The Los Angeles basin from Mt Wilson from where methane emissions were measured NASA/JPL-Caltech

In a first time demonstration of mapping greenhouse gases from Earth-bound sites, a Nasa study has found methane emissions from Los Angeles to be 18 to 61 percent higher than estimates.

Using two years of observations from a mountaintop instrument, the study was able to provide an accurate estimate of total methane emissions, says Nasa.

Over the sprawling 50 by 110 kilometre LA basin, methane emissions were estimated to be around 400,000 tonnes per year.

The common method to give estimates, adds emissions from all known methane sources.

The study used observations by a spectrometer, which counts the number of molecules in the air by measuring the effect of methane and other gases on the spectrum of sunlight.

The spectrometer measures pollutants in the air between it and each site, as also in the clean air above the mountain. The difference gives the amount of methane in the LA basin.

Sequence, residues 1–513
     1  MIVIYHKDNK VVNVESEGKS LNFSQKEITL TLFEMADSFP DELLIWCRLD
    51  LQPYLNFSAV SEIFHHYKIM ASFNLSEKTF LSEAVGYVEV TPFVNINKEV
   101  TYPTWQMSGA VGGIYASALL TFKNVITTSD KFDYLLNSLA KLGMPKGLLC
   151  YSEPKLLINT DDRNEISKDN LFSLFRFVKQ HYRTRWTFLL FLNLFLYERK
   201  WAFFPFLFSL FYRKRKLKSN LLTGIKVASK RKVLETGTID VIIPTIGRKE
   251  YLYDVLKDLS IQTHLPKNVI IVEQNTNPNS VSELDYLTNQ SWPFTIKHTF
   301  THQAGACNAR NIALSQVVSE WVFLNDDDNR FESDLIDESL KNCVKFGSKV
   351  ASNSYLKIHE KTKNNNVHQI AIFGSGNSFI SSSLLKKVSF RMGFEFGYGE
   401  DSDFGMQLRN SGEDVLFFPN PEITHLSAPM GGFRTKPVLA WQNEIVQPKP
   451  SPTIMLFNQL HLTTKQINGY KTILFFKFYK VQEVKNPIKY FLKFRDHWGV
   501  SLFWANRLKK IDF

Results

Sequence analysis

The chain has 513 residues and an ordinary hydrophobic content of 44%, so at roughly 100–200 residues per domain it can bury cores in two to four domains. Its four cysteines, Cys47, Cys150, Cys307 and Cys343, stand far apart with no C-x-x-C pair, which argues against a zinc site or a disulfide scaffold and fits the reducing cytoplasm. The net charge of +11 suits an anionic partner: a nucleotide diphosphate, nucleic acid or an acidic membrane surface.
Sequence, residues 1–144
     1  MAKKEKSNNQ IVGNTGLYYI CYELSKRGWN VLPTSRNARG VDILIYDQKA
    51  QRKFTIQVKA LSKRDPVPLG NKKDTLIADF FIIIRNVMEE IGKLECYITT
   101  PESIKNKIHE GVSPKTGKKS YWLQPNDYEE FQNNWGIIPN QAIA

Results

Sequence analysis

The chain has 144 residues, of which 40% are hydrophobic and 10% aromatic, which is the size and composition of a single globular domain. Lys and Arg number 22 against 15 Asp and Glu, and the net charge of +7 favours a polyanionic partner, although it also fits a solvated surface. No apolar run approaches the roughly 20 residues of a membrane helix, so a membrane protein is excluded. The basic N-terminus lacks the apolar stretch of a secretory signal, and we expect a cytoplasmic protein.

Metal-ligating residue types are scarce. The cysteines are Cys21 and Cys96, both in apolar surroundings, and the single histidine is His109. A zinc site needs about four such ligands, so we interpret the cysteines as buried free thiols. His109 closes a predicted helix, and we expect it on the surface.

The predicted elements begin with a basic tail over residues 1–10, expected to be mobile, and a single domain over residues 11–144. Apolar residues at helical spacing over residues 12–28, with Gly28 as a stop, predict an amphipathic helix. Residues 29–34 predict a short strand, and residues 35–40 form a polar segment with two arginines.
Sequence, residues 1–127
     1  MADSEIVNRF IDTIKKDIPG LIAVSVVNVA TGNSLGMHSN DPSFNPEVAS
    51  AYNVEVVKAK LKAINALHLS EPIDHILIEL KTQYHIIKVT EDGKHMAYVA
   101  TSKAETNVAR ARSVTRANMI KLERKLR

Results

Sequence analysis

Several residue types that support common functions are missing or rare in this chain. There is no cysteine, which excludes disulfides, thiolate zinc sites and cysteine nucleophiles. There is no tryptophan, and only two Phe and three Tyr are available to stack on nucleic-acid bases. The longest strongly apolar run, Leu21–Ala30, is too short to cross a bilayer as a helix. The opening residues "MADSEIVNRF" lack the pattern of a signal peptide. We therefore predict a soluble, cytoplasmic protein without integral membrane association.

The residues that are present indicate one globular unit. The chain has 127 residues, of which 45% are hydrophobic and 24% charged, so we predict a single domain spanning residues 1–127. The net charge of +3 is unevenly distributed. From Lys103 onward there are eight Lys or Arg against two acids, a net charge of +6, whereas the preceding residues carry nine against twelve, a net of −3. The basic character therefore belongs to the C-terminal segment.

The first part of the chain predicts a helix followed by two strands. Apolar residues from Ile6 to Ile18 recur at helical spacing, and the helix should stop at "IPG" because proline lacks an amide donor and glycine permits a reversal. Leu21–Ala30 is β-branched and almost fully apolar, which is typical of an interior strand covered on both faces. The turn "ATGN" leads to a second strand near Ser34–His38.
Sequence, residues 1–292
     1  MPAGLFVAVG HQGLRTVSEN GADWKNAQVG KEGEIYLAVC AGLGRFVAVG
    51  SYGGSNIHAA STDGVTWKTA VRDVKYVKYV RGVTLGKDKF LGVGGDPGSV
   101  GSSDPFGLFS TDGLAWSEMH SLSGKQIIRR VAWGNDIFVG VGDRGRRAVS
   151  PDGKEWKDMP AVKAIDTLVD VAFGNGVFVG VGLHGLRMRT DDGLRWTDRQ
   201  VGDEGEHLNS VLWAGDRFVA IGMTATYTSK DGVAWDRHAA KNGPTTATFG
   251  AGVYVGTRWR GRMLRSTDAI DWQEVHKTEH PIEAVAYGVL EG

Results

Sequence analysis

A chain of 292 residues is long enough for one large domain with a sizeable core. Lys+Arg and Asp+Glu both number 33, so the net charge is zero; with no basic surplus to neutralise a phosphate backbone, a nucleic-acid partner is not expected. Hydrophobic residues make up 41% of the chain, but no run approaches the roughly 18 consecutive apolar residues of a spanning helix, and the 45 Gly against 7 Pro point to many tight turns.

"The instrument is like a stationary satellite," said Clare Wong, a Nasa postdoctoral fellow at JPL and lead author of the new study published in the journal Atmospheric Chemistry and Physics.

The instrument is part of the California Laboratory for Atmospheric Remote Sensing (CLARS), located about 5,700 feet (1,700 meters) above Los Angeles atop Mt Wilson.

Though not designed to look for sources of methane, the study showed that some areas like large landfills seem to be more significant emitters than others.

The mountaintop instrument is part of the pilot Megacities Carbon Project to monitor emissions from urban areas with populations of more than 10 million.

Cities are the source of about 70 percent of the world's carbon emissions, with the 22 megacities responsible for about half of that.

Methane traps even more heat than carbon dioxide and has a stronger effect on global warming in short timescales. Some of the main urban sources include gas pipeline leaks, landfills, waste water treatment plants and transportation while cattle belch is a major rural contributor.

Thawing of permafrost or perennially frozen ground is also a source of methane emissions that arise from the exposing of organic material below. Permafrost contains around 1,700 gigatonnes of carbon.